Why Content Curation Could be the Best Marketing Idea in 2011
It's widely accepted that creating compelling and relevant content and publishing it on a consistent basis can lead to a bevy of benefits for the digital marketer. Namely, increased traffic, links, SEO authority, leads, thought leadership status and sales growth.
"Content is King," we hear. And creating content is at the center of any inbound marketing plan. SEO you might say begins and ends with content; without it we'd have no reason to search. Blogs and podcasts tell us 2011 is the year of content marketing.
How do marketers deal with the mantra of creating more and more content? ContentWise reports over $47 billion was spent on content curation and publishing in 2009. A new study (published Sept. 2010) by MarketingProfs and Junta42 named, B2B Content Marketing 2010 Benchmarks, Budgets and Trends found, among other things:
- 9 in 10 B2B organizations market with content
- 51% report they plan to increase spending on content marketing
- More than a quarter of their marketing budget, on average is spent on content marketing
With modern web technologies everyone can be a content creator and publisher. This onslaught of content gives consumers more choices than ever. More, it could be argued than they know what to do with making it increasingly difficult to find the best content for a specific interest or need. We're finding ourselves in content white-out conditions. There's an ever rising amount of it.
For companies who are content creators and publishers, it's getting increasingly more challenging to get found - to rise to the top of search. Not only that, but add to this the flood of activity around content creating and sharing enabled by social media:
"It's a well-known fact that the game has changed forever when it comes to interacting with customers and prospects. While the Internet has proved an invaluable tool for the rapid sharing of information, the deluge of online content driven by new social media channels continues to grow at an ever increasing and relentless pace," writes Pawan Deshpande, CEO of HiveFire in the ebook: Content Curation: Taming the Flood of Online Content.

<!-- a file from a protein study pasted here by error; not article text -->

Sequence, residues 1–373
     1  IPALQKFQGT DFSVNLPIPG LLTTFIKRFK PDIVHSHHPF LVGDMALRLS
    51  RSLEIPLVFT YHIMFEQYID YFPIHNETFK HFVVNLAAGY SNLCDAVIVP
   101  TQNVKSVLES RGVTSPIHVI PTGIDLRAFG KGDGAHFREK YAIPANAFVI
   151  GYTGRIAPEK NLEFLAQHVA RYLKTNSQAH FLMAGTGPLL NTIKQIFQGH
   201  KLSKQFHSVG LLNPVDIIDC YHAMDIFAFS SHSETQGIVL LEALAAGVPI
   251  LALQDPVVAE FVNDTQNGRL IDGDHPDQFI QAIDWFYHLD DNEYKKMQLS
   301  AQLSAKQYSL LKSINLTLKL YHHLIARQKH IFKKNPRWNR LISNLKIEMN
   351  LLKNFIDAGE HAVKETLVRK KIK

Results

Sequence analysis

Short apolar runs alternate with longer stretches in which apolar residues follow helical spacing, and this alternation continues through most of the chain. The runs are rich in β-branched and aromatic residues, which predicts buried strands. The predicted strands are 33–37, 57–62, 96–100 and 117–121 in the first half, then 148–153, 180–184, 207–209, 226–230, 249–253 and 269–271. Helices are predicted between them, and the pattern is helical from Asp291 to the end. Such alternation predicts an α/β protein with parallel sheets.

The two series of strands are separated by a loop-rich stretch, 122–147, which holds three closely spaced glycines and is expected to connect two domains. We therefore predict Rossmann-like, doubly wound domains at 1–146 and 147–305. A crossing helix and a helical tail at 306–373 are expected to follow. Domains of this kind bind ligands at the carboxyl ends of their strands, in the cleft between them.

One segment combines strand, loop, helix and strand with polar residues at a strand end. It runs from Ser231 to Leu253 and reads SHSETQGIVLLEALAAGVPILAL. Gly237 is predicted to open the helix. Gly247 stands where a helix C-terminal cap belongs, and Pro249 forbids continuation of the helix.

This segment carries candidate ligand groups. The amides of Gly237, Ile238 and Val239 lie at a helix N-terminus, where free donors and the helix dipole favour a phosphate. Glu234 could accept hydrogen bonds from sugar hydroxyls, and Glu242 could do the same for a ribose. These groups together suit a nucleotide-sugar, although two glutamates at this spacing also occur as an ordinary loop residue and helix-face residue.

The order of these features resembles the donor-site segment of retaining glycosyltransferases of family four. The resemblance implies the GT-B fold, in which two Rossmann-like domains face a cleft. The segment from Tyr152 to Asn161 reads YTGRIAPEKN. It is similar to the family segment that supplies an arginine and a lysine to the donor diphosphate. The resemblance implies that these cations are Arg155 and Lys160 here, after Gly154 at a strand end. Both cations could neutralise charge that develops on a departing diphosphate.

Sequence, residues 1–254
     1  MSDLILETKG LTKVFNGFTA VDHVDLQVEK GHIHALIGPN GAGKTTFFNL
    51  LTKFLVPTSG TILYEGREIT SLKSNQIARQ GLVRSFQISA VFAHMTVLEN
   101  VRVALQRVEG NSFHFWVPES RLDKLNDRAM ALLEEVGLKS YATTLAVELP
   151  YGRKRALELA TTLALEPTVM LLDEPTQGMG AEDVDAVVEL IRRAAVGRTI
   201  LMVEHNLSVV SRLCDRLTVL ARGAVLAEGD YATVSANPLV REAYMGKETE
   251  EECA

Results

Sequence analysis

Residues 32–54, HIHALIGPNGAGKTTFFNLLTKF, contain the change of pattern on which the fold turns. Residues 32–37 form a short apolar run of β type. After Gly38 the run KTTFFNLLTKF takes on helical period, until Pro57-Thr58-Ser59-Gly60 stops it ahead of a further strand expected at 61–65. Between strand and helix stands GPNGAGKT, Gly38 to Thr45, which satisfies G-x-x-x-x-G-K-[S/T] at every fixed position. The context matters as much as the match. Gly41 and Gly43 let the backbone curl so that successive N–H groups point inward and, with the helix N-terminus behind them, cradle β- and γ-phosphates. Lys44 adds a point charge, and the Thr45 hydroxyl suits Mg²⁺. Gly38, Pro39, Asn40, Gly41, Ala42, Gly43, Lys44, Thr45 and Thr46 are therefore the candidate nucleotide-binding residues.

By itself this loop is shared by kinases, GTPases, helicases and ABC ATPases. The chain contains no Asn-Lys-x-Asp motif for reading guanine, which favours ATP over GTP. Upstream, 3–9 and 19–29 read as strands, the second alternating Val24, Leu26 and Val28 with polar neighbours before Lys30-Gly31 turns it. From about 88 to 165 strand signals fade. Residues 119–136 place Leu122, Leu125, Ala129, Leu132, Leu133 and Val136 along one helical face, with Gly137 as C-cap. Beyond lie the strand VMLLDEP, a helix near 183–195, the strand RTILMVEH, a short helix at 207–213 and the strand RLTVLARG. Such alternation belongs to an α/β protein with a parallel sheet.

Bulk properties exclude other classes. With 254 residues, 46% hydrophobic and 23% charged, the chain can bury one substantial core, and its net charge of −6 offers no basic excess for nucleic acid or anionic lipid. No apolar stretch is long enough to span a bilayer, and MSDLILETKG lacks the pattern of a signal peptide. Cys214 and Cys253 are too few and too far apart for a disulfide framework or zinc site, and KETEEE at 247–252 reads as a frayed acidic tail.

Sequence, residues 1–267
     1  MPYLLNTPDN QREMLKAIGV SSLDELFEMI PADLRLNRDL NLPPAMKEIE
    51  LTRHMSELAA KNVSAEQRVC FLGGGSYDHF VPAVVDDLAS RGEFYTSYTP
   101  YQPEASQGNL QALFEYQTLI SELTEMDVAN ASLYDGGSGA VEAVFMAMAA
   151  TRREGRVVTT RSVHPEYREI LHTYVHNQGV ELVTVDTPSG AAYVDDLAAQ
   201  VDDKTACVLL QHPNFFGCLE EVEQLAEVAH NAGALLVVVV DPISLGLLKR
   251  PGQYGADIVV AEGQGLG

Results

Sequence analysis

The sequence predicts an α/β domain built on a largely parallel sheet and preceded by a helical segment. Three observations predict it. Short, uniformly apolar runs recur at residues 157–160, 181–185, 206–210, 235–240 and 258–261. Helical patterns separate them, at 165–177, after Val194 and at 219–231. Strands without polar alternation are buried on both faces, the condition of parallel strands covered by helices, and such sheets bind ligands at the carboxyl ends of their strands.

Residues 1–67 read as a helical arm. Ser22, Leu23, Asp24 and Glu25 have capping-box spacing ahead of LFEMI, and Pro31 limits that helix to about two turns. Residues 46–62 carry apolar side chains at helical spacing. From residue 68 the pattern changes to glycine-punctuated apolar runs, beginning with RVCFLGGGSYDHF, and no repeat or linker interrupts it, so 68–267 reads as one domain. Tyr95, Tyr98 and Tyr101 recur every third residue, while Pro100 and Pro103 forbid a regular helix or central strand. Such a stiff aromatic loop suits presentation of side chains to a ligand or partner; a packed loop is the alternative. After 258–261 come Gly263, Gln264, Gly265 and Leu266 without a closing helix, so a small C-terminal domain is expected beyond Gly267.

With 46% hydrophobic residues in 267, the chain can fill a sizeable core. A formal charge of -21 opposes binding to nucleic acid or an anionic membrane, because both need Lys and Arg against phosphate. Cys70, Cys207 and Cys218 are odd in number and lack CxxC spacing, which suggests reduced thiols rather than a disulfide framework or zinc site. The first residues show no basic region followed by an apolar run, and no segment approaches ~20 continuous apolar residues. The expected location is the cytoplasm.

So, where does that leave us? If content creation, publishing and marketing is so very important (and it is) how can marketers stand out in this blizzard, and how can consumers/information seekers deal with finding the best, most relevant content that meets their needs? Enter Content Curation.
Content Curation Rising
Rohit Bhargava, a highly-regarded global marketing strategist and founding member of the 360 Digital Influence Group at Ogilvy, one of the largest marketing agencies in the world, recently published: 15 Marketing & Social Media Trends to Watch in 2011 on SlideShare. Take note of Trend #5: Rise of Curation.
"One way, suggests Bhargava, "to deal with the vast amount of information out there is through content curation. I wrote back in 2009 about how I felt the Content Curator would be the next big job of the future. In 2010, this started to become a reality as more companies hired people in these types of roles."
I'll explain a bit more about what content curation is, (or at least how I'm beginning to understand it) but think of it as both a tool and a process - something that may involve both technology and humans to pull off. It can be highly effective for harnessing the best information possible across a vast array of sources while adding credible and actionable insights in an impactful and interactive way. As again, Pawan Deshpande points out in the aforementioned ebook:
"Content curation has emerged as a new and powerful tool for B2B marketers, allowing them to easily sift through the flood of content, cost-effectively advance online thought leadership, and drive business through new and innovative customer interactions."
Content Curation Defined